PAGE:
Climate Change Threatens Company, Shareholders, and Consumers
Extreme weather seems to be the norm these days. From Hurricane Harvey’s devastation in Texas to the Western Wildfires that have destroyed much of California’s wine country, many people are pointing fingers at climate change.
While counterintuitive, climate change is leading to more intense rainfall and more intense drought…just not in the same place. This effect is leading to lower crop yields, scarcity of water, and many other consequences .
For PepsiCo, climate change threatens its ability to deliver on both consumer demand and shareholder value. Extreme weather can strain PepsiCo’s value chain by hindering its ability to move product from production to the consumer, ultimately leading to either out of stocks or increased prices for the consumer. Declining crop yields can impact raw material prices, leading to higher internal costs . And on top of direct business impacts, PepsiCo faces reputational risk, as company policies become more and more important for consumer purchasing decisions, regulatory relationships, and future talent acquisitions . So while climate change initiatives require upfront investments, these investments likely minimize risks for the company, shareholders, and consumers in the end.
Performing with Purpose
PepsiCo publicly acknowledged “business success is inextricably linked to the sustainability of the world we share” back in 2006 with the development of the Performance with Purpose (PwP) mission. The mission aims to improve sustainability in several aspects of the world, including the environment . And since 2006, PepsiCo has already achieved some progress in environmental sustainability, such as reducing its operational water use by 23% and increasing energy efficiency of legacy operations by 16% from its 2006 baseline . These initiatives have also proved profitable: the company has saved +$600 million from its environmental sustainability projects since 2011 . But it also recognizes that it must continue to invest in new solutions to reduce emissions and cut back on water usage, which is why it announced a new 2025 environmental agenda at the end of 2015.
In the short term, PepsiCo plans to leverage existing learnings to slowly reduce its internal dependence on water and greenhouse gasses. Specifically, one of its new goals is to build on the existing improvement in water-use efficiency with an additional 25% improvement . Technology such as waterless rinsing systems to clean bottles will likely be leveraged globally to achieve this goal . In addition, it is looking to continue to reduce absolute greenhouse gas emissions by at least 20% in its legacy operations through further expansion of electric-powered fleet and on-site energy generation, an effort that has already been in progress prior to 2015 .
However, PepsiCo’s direct carbon footprint only represents 7% of its total value chain. Over the next 10 years, management looks to work with suppliers, partners, and customers to impact the remaining 93% of PepsiCo’s carbon footprint that occurs outside of its direct operations . In particular, agriculture and packaging have the two largest carbon footprints in the value chain . Management has stated that it looks to help these two sectors reduce emissions through the expansion of the PepsiCo Sustainable Farming Initiative and implementing sustainable packaging materials . However, it is unclear the impact that these actions will have on emissions right now.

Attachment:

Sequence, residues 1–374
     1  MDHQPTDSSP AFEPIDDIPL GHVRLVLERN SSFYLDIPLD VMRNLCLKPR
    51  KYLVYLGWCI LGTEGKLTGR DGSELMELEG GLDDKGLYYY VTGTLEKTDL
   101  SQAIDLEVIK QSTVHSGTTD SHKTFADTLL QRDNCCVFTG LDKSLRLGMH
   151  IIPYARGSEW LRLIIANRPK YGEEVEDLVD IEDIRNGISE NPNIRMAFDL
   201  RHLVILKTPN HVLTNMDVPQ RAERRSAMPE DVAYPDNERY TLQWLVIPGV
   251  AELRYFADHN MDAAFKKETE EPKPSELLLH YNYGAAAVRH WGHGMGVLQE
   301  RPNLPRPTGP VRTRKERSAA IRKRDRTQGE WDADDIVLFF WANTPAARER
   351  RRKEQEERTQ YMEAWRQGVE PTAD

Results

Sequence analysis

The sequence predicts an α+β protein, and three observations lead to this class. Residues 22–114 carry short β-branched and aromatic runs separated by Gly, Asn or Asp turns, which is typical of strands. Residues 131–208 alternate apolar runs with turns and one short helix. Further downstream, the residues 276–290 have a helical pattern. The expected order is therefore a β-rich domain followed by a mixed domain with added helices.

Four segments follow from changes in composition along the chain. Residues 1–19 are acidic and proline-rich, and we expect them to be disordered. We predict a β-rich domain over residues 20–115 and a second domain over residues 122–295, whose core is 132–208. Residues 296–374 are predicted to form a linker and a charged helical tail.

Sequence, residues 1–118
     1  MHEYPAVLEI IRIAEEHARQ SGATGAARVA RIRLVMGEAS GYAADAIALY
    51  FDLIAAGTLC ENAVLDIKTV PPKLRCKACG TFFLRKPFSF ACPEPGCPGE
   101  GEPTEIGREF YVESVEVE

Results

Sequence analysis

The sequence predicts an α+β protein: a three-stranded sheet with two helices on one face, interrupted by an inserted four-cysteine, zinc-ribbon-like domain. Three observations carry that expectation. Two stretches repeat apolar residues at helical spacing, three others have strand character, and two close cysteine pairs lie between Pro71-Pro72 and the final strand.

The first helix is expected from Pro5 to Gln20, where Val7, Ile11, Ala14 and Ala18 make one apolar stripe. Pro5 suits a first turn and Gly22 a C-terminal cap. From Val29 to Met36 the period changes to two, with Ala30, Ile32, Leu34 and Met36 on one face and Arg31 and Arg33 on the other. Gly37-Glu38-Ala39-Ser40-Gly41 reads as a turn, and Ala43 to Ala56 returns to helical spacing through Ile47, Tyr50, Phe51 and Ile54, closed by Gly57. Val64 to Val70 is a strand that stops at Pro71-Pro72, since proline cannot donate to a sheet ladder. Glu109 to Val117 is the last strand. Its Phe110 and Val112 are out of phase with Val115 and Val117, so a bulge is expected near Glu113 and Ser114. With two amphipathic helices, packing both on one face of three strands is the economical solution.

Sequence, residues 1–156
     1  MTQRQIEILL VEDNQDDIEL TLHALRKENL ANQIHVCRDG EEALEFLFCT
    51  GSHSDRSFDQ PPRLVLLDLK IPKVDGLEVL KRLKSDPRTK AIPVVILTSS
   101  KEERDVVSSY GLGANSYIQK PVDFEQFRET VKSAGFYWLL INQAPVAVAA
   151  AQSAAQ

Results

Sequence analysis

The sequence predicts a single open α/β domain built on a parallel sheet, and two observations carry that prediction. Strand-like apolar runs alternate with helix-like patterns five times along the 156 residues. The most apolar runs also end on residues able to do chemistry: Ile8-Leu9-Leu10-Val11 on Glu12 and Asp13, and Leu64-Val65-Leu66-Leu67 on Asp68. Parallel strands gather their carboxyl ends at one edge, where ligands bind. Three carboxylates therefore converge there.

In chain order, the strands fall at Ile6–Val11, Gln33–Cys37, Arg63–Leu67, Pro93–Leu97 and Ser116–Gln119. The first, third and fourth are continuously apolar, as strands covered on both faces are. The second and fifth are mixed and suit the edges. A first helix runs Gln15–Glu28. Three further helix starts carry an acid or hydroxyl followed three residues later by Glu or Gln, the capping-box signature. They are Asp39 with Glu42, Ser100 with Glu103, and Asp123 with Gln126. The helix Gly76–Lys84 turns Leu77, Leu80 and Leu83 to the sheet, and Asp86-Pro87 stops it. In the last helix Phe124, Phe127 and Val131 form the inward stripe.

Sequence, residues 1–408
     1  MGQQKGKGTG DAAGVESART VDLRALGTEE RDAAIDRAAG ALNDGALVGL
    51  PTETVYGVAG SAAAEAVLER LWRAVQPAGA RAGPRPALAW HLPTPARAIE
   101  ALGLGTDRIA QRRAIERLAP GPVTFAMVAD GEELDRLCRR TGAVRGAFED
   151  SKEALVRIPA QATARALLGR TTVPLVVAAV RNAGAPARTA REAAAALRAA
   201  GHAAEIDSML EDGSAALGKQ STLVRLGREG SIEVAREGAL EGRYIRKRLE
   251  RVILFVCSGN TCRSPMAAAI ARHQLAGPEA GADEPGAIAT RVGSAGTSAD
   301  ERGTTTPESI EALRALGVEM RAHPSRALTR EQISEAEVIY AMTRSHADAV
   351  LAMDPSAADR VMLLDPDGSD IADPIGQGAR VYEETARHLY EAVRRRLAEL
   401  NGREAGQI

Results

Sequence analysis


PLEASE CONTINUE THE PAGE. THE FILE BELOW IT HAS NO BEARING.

More to Do
PepsiCo arguably is leading the pack in Food and Beverage on environmental sustainability with its progress thus far. But there is more to do. In the short term, it should be cognizant of the stress that this change can have on the organization. Setting too lofty ambitions year after year can disillusion the frontline and ultimately lead to failure. In addition, it should also be more clear on how it aims to work with partners on reducing their carbon footprint in the value chain. Ultimately, climate change initiatives should be viewed as a marathon, not a sprint.
Over the next 10 years, management should also begin to consider how it can impact the global environment outside of its direct value chain. It is creating technology and learnings that can be lifted and shifted to other competitors and industries, so it should strive to be a center of excellence and develop ways for easy dissemination of information and learnings to improve the broader environment as well.
A key question that remains, however, is how the consumer plays into PepsiCo’s environmental initiatives. While many of its initiatives have never had a direct impact on the end consumer, the action to consider sustainable packaging will surely impact a consumer’s experience. Are consumer-facing initiatives necessary? If so, are consumers truly ready for this type of initiative?
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